The Presidential Memorandum called for an expansion in global LGBTQI funding to meet the President’s political commitments. Last year, 142 Members of Congress and 85 civil society organizations called for global LGBTQI funding to increase to $60 million to meet those commitments. In response, Congress earmarked global LGBTQI funding at $25 million, missing the $60 million target by a dramatic $35 million. The President’s 2023 budget needs to request – and the Biden Administration needs to work with Congressional appropriators to support – the full $60 million funding threshold. Anything less than that calls the President’s commitments into question.

Jay Gilliam, Senior LGBTQI+ Coordinator at USAID. (Photo courtesy of USAID via Washington Blade)

Once adequate funding is secured, CGE looks forward to working with the State Department’s innovative Global Equality Fund and USAID’s LGBTQI leadership team, including Jay Gilliam, the new Senior LGBTQI+ Coordinator at USAID, to deploy funding quickly and effectively to local civil society groups fighting for the rights and livelihoods of LGBTQI communities globally. The funding needs are immense but the potential dividends on U.S. investments are equally extraordinary.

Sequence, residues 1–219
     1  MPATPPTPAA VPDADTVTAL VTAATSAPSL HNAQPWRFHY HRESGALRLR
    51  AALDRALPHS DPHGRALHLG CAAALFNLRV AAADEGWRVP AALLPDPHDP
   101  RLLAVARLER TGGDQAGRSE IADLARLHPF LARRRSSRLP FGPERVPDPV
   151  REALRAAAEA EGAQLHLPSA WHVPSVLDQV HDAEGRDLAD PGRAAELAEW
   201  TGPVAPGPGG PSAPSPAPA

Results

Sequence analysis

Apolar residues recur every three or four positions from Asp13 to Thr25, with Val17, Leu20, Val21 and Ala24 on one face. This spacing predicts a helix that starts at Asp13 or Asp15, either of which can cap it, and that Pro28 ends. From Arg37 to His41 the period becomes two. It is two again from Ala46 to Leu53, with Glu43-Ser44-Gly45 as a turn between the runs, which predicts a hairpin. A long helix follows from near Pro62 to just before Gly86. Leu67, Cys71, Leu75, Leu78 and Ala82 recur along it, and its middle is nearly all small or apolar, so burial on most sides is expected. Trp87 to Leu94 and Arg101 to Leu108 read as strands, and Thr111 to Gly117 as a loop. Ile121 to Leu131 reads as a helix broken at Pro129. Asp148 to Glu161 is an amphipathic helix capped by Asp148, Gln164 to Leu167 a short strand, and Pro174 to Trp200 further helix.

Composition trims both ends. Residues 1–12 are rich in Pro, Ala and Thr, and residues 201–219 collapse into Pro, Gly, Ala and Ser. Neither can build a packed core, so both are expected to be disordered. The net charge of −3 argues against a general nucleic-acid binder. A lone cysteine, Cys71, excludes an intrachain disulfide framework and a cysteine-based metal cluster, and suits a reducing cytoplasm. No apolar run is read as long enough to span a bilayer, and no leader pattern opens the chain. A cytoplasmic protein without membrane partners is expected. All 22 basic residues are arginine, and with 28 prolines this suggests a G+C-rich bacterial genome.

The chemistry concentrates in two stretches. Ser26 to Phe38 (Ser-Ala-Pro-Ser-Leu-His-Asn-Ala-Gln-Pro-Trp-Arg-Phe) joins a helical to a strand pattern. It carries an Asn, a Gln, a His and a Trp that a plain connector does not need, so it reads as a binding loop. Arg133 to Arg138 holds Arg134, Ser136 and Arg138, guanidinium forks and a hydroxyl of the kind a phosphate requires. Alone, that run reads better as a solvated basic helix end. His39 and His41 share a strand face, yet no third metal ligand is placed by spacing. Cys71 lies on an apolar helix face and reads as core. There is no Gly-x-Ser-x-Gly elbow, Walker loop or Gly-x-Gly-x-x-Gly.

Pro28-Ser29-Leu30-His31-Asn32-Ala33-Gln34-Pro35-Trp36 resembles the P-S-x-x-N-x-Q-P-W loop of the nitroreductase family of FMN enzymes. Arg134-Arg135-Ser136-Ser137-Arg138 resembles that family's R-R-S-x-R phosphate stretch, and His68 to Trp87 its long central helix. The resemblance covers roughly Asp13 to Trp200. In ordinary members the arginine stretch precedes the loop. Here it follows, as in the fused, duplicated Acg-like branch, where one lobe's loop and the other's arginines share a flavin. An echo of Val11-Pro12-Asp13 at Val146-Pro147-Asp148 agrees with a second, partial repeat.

Additionally, through U.S. funding and political leadership at the World Bank and in the regional development Banks, the Biden Administration has the opportunity to deliver a new inclusion agenda that recognizes excluded LGBTQI minorities. World Bank and other studies have already demonstrated that socioeconomic exclusion of LGBTQI people undermines development and limits a country’s macroeconomic growth, whereas LGBTQI inclusion is directly correlated to increased GDP per capita and higher value in human development. It is time to translate that data into meaningful investments in LGBTQI livelihoods and full economic inclusion through international financial institutions.

The Presidential Memorandum also mandates that “agencies involved with foreign aid, assistance, and development programs should consider the impact of programs funded by the Federal Government on human rights, including the rights of LGBTQI+ persons, when making funding decisions.” Much more remains to be done to secure that commitment. Credible reports surfaced last year suggesting that U.S.-funded health clinics in Uganda were referring LGBTQI patients for psychologically harmful conversion therapies, in violation of U.S. policy and the U.S. commitment to do no harm. …

Multilateral diplomacy to advance LGBTQI rights

… The Biden Administration hosted a virtual Summit for Democracy in December 2021 for 110 countries, which is to be followed by an in-person summit in 2022. It is critical that metrics be established to ensure that those invited to the phase-two Summit show broad and specific progress toward democracy, human rights, and LGBTQI inclusion.